Or have I left home again?

Back in Wuzhong, I have that same strange feeling I had in America; that no time has passed and I've been here all along and the time spent away was something I dreamt. I wonder about myself sometimes. I wonder if I can fall in love with every place I move, and if so, how will I ever settle down? I still miss France and long to return. And there are so many places I still want to experience. It's not enough to be a tourist; I want to really be part of the places I go. I guess the price for that is that those places end up owning a piece of your heart. You'll always miss them once you leave.

Not that it's all been wonderful being back here. I got sick probably the second I stepped onto Chinese soil. Also I screwed up my calculated day of arrival with the time change and was a day later than I had told everyone, including the driver I was to pay 600rmb to drive me all the way home. I felt very sheepish to learn he had waited several hours at the airport for me the previous day. Naturally I still have to pay him his 600 kuai. Well instead of a cushy 2 hour ride in a car and the peaceful nap I had been looking forward to, I ended up taking a long stressful commute on a bus, a train, and a taxi. For someone who claims to love travel, it sure does stir up a lot of panic attacks and tears in me. Navigating stepping off the bus to the ticket office and then the train is particularly challenging, and once on the train it's easy to be nervous about not knowing what's going on and possibly missing your stop. But I've been lucky. Every time I've had to ride the train, I've been fortunate enough to make friends with some Chinese people sitting near me who help me the rest of my way. The first time it was a nice man who let me use his cell phone and made sure I found the legit taxis and saw me on my way. This time it was a nice couple, the husband taking charge of my enormous suitcase and both of them seeing me into the taxi. She texted me later to make sure I got home safely. The people in China can be so unbelievably wonderful like this. I think the trick is you have to be friendly to them first, otherwise they are likely to be shy and reluctant to bother you. Ask for help and I have found you shall receive! More than you need!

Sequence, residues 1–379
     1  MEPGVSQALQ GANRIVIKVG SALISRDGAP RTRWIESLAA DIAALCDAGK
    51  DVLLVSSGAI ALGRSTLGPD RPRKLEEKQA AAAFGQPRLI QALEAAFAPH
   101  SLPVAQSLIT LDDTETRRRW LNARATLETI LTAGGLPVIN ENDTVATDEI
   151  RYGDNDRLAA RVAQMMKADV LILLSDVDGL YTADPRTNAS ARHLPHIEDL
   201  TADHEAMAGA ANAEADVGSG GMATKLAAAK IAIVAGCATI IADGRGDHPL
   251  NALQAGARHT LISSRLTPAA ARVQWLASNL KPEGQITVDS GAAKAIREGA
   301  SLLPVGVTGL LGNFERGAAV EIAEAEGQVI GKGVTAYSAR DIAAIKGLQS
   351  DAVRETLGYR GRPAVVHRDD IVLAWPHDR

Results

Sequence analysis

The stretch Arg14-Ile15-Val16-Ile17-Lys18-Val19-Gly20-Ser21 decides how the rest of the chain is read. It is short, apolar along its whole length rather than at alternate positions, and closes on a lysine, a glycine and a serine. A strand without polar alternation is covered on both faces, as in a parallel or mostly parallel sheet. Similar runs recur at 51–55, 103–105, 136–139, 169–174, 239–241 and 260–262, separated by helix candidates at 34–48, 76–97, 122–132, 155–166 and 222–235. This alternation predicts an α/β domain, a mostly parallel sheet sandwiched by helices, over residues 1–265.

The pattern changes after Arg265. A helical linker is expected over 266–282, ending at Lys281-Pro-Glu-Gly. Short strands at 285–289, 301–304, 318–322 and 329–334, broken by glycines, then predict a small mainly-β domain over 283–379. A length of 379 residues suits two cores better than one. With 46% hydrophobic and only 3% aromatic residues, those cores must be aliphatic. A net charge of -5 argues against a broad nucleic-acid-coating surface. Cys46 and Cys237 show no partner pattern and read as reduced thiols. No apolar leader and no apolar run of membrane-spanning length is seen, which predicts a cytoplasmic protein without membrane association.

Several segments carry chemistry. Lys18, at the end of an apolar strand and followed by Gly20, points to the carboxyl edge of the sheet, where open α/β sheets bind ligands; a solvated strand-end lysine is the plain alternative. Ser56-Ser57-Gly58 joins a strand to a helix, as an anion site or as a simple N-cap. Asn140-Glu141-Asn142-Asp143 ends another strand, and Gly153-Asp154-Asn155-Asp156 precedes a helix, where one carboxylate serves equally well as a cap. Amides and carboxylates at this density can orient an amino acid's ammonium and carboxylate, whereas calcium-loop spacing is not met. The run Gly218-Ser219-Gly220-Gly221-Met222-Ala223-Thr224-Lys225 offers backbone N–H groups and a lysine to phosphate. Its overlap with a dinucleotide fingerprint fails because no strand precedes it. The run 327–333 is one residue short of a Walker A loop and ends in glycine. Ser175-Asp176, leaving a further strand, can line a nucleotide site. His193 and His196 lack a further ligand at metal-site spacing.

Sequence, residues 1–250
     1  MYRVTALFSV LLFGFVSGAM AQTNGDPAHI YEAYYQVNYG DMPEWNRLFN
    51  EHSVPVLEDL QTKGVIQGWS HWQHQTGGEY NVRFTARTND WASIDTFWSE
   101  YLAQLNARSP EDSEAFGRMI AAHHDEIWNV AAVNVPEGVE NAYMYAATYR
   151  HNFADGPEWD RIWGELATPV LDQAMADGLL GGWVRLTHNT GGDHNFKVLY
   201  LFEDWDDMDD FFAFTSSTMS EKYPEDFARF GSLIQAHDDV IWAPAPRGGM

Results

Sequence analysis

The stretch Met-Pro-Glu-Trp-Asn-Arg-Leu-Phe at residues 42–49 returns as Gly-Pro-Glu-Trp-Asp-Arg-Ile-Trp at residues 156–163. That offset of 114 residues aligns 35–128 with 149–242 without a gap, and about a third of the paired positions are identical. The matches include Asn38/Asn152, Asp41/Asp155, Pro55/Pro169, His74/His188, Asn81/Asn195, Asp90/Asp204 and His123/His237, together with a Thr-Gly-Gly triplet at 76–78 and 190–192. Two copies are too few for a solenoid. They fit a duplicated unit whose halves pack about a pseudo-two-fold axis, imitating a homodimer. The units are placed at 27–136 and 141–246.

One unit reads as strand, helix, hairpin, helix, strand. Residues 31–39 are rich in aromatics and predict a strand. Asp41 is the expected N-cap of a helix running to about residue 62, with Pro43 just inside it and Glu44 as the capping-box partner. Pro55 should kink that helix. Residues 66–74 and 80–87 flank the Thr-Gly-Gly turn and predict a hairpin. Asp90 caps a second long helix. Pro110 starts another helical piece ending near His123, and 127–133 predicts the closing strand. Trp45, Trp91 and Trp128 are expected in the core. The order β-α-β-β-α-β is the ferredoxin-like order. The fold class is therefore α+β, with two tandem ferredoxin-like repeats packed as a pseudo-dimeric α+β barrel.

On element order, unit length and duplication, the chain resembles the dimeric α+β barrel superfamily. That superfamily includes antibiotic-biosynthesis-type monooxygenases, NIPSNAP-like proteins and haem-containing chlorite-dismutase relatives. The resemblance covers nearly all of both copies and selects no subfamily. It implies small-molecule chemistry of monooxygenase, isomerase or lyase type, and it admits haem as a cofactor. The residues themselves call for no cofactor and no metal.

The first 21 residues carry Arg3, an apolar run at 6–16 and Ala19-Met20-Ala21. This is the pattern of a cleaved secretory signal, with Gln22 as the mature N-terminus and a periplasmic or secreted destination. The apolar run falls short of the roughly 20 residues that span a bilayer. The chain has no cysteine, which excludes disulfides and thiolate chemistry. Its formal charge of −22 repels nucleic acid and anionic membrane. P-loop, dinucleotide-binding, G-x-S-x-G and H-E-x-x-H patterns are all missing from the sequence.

Meanwhile I have been a total weakling in standing up to jetlag. I've let it make me its slave, hence this being written at 4:30am. My first day back I woke bright and early and did some unpacking and whatnot, went to lunch with Erik and his visiting friends, did a Rosetta Stone lesson, then allowed myself to fall asleep.... until midnight. I tried to keep sleeping but just couldn't anymore by 3am and watched some movies instead. I've been going to bed about 7 or 8pm ever since. A perverse part of me kind of likes it. I like having lots of time in the morning to wrap my mind around the coming day. I like getting 8-10 hours of sleep. Am I a grandma at 23? 

No but I really do need the time and sleep because my new schedule is a doozy. The kindergarten has given me a TON more responsibility. I have basically taken over all English aspects of the program when before I was just a supplementary lesson. It's a lot more work and is already kicking my ass, but in a good way. Like, I feel challenged and stimulated. And I feel like a legit teacher, an equal with my Chinese colleagues. It's just the taste of early childhood education I need to determine if I am capable and willing to go into this field. I'm stoked about rising to the challenge! The downside to my schedule is the school wants me to do 4 primary lessons on top of this: two 3rd grade, two 1st grade. And I REALLLY don't want to. I am negotiating it now and trying my hardest to get out of it. But I might be stuck.